The aforementioned program is radical and has many innovations, but there are intellectual loans from the known policies of the past [the J.M. Keynes’s model, the model of Employer of Last Resort (H.P. Minsky), and the workfare (welfare-to-work) system [(Personal Responsibility and Work Opportunity Reconciliation Act – PRWORA – Temporary Assistance to Needy Families -TANF)]. The J.M. Keynes’s model contributes by two ways in this proposition. The first element regards the role of aggregate demand for combating unemployment and the creation of jobs. In the new proposal the concrete attempt is based on the creation of jobs and the sureness of the further mobilization by the incomes, which are expected to be created, for the necessary development. The second element is the conception of the single and coordinated method of financing of the policy for combating unemployment. The state and the specialized public institutions, in our proposition, have the power and the means to co-finance and coordinate the future policy, in a new form of combination between private and public sector. The model of Employer of Last Resort (H.P. Minsky) gives the idea of a single mechanism of intervention for effective combating unemployment and a framework of the total amounts of needed funds for this policy, while it has the guarantee of an achievement in the case of Argentina. The proposed policy respects the above characteristics, but rearranges the problem of public funding, with a new synthesis. We repeat that the needed capitals are in a major part private and in minimal part public grants. Therefore, there is no need for using the typical fiscal tools for the extensive public funding of the process. Meanwhile, the state is not the future employer of last resort, but a useful coordinator from the first to the last minute. The workfare (welfare-to-work) system contributes equally to the conception of the proposal. The synthesis of benefits with the obligation of work gave to our critical perception. In fact the concrete model gave some useful limits for the content of the difficult solutions, in a society and a political system, with negative correlations and strict doubts to any expensive measure and any tolerance to “laziness” of the beneficiaries by public policies. Additionally, the regional organization of the implementation of the system with flexibility directs the proposed alternative policy. We have to accept, that the title of program has its origins from the name of the B. Clinton’s Program [(Personal Responsibility and Work Opportunity Reconciliation Act – PRWORA) – (Temporary Assistance to Needy Families -TANF)].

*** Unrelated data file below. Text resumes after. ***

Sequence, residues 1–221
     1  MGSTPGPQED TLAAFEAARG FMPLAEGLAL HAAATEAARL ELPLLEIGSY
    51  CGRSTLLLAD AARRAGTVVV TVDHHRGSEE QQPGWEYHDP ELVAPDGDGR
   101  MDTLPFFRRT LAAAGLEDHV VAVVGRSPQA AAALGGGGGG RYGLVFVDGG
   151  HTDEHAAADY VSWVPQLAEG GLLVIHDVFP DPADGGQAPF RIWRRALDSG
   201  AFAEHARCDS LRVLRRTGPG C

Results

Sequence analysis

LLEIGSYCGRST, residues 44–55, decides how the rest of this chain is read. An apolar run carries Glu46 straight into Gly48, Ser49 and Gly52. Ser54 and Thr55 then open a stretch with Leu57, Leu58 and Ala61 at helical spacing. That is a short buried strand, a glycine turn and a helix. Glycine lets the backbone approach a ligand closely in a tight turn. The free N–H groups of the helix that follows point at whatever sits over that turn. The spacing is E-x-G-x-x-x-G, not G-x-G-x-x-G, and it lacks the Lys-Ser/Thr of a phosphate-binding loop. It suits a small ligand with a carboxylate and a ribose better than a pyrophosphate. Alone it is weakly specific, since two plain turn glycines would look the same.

In Re.Ho.St.E.N.A.R., the new type of workers, the autonomous workers (from the official pool of the unemployed people), with the addition of a security/coupon (which serves as an instrument of the procedure), are paid partly by the capital, and partly by the consumer of services (in a serial of repetitive actions with different mixtures of payment). The workers of a new type offer their paid services (specialized or unskilled), with the sole remuneration an analogy of the value, which is included in the aforementioned security. The security includes the relative tax and the contributions to the social security system.

The initial financing belongs to the holders of capital. Their economic interest contributes, without any business risk, to the participation in the program. The holders of the stock are selected following a call for proposals. The holders of the stock deposit for twelve months their capital in a common account of the commercial banks. They are the initial financiers of the project. For this financing they are entitled to the agreed special rate of bank interest, under which they collect the respective amount from the banks at the end of the contractual period and the agreed dividend from the yields of the program process, in ten months (after a twelve months period).

The nation-state and EU co-finance with the monthly replacement of the withdrawals of deposited capitals, which fund (initially but partly) the aforementioned securities. Practically, the total public financing is equal to the value of the deposited capital, during the period of the program. This total value of public grants and therefore public spending is partly returnable. The value of taxes and contributions to the social security system replaces the major part of public spending.